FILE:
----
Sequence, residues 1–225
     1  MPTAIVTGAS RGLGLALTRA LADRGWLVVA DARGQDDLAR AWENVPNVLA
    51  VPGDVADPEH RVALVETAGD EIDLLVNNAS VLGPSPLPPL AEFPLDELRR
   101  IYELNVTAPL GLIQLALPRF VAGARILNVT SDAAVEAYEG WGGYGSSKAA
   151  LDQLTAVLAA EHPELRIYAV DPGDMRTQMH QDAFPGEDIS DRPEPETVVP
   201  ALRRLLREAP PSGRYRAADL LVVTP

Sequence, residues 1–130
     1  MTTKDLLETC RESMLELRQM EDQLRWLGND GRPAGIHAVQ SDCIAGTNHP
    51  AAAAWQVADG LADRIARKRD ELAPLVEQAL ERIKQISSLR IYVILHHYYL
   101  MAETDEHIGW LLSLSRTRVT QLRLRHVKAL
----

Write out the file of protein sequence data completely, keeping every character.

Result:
Sequence, residues 1–225
     1  MPTAIVTGAS RGLGLALTRA LADRGWLVVA DARGQDDLAR AWENVPNVLA
    51  VPGDVADPEH RVALVETAGD EIDLLVNNAS VLGPSPLPPL AEFPLDELRR
   101  IYELNVTAPL GLIQLALPRF VAGARILNVT SDAAVEAYEG WGGYGSSKAA
   151  LDQLTAVLAA EHPELRIYAV DPGDMRTQMH QDAFPGEDIS DRPEPETVVP
   201  ALRRLLREAP PSGRYRAADL LVVTP

Sequence, residues 1–130
     1  MTTKDLLETC RESMLELRQM EDQLRWLGND GRPAGIHAVQ SDCIAGTNHP
    51  AAAAWQVADG LADRIARKRD ELAPLVEQAL ERIKQISSLR IYVILHHYYL
   101  MAETDEHIGW LLSLSRTRVT QLRLRHVKAL